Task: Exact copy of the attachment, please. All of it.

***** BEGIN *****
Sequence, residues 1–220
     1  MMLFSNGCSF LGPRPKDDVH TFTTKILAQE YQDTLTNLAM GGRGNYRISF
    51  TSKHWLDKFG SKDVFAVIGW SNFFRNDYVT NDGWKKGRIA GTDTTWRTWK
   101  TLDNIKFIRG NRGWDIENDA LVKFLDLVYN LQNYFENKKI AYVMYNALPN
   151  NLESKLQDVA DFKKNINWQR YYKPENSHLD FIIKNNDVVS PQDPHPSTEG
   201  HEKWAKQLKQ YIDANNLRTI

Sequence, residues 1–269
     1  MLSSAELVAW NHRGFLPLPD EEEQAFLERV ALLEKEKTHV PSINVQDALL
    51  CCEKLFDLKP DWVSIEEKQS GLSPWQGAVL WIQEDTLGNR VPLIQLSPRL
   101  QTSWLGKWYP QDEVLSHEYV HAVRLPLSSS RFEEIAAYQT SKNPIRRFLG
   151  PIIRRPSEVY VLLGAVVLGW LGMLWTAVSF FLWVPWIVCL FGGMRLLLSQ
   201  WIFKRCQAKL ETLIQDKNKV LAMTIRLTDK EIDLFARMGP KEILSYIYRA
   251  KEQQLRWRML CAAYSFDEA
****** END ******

Sequence, residues 1–220
     1  MMLFSNGCSF LGPRPKDDVH TFTTKILAQE YQDTLTNLAM GGRGNYRISF
    51  TSKHWLDKFG SKDVFAVIGW SNFFRNDYVT NDGWKKGRIA GTDTTWRTWK
   101  TLDNIKFIRG NRGWDIENDA LVKFLDLVYN LQNYFENKKI AYVMYNALPN
   151  NLESKLQDVA DFKKNINWQR YYKPENSHLD FIIKNNDVVS PQDPHPSTEG
   201  HEKWAKQLKQ YIDANNLRTI

Sequence, residues 1–269
     1  MLSSAELVAW NHRGFLPLPD EEEQAFLERV ALLEKEKTHV PSINVQDALL
    51  CCEKLFDLKP DWVSIEEKQS GLSPWQGAVL WIQEDTLGNR VPLIQLSPRL
   101  QTSWLGKWYP QDEVLSHEYV HAVRLPLSSS RFEEIAAYQT SKNPIRRFLG
   151  PIIRRPSEVY VLLGAVVLGW LGMLWTAVSF FLWVPWIVCL FGGMRLLLSQ
   201  WIFKRCQAKL ETLIQDKNKV LAMTIRLTDK EIDLFARMGP KEILSYIYRA
   251  KEQQLRWRML CAAYSFDEA